The Emerging Indigenous Executive Leaders Program (EIELP) at the Australian Graduate School of Management (AGSM) at UNSW Business School has received the 2020 Silver ‘Excellence in Practice’ Award (Talent Development) from the European Federation of Management Development (EFMD).
“Winning the EFMD award alongside some of the best management educators across the globe recognises the achievements of not only our program, but all the people associated with it, particularly our alumni who have taught us a great deal,” said Eva Freedman, EIELP Program Director.
“We have learnt alongside our participants and we celebrate with them their courage and strong voice. Together with our partners, Elevate Reconciliation Action Plan (RAP) and Reconciliation Australia, we will continue to support these talented alumni as they progress to the highest levels of leadership across Australia.”
The EIELP is designed to cultivate the next generation of senior Indigenous business leaders who will have an influential role in shaping the future not only of Indigenous Australia but Australia more broadly.
The success of the program is a great example of collaboration between a number of organisations that are leading reconciliation through Reconciliation Australia’s RAP program.
The EIELP was developed by AGSM and Professor Mark Rose in collaboration with Reconciliation Australia and the Elevate RAP Working Group, including National Australia Bank, Richmond Football Club, Crown, Australian Football League, Broadspectrum, Australian Institute of Aboriginal and Torres Strait Islander Studies (AIATSIS) and Services Australia.
“We are proud that the RAP Program has helped organisations drive and deliver important projects such as the Emerging Indigenous Executive Leadership Program,” said Karen Mundine, CEO, Reconciliation Australia. “Ensuring First Australians have the opportunity to engage in career development opportunities is critical and is an important step in empowering our people.”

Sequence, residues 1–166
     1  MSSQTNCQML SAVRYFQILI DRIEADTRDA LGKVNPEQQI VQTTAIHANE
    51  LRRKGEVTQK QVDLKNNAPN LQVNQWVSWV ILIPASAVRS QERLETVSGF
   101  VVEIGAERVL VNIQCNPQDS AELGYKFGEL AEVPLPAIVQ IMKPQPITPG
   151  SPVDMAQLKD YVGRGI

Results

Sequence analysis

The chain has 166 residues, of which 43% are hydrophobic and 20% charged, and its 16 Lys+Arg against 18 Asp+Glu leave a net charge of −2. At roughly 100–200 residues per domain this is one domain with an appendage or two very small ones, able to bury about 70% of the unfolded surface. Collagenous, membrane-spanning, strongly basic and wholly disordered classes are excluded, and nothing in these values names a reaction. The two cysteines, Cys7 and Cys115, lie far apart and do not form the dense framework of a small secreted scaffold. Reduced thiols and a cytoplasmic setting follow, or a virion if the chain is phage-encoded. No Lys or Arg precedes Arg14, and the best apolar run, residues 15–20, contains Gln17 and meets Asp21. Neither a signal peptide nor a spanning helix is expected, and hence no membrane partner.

Michael Lacy, Chair Elevate RAP Working Group and Head of Community at Richmond Football Club said the RAP Working Group is proud to have played its role guiding AGSM in the development of EIELP.
“We are delighted the program has been recognised for this significant global award,” he said. “Importantly, we believe that First Australian voices will be amplified around decision-making tables as a result of the program, which ultimately will strengthen business performance.”
The EIELP is unique in Australia in many ways. Professor Mark Rose works with each participant to strengthen the connection to their ‘Ancestral Mandate’ and to make the classroom a culturally safe environment for the free and frank exchange of traditional and contemporary knowledge.
“The power of the program lies in the intersection and recognition of the integrity of both Aboriginal and Torres Strait Islander and western knowledge systems and is an extreme example of co-design,” Professor Rose said.
Steve Munns, an alum from 2018 who is Director Services Australia, recipient of a Sir Ronald Wilson Pat Turner PhD Scholarship at the Australian National University and AGSM Adjunct Faculty says the EIELP shined a light on his ancestors’ achievements.
“It awakened me in a way in which I can infuse my Aboriginal learnings and westernised leadership qualities together,” he said. “It has given me a platform where I can mentor and influence up and coming Indigenous Leaders both within my community and organisations I work for in the future.”
The EIELP covers five modules over nine months, with classroom sessions held in Melbourne, Sydney and Uluru, complemented with online coursework.
More than 65 Indigenous emerging leaders have completed the EIELP since it was launched in 2017 and another 31 participants make up the fourth cohort that started in May. The program impact analysis revealed that almost all participants have, since completion, progressed their career, increased their well-being and capabilities, and positively impacted their organisations.
Find out more about the EFMD Excellence in Practice Awards.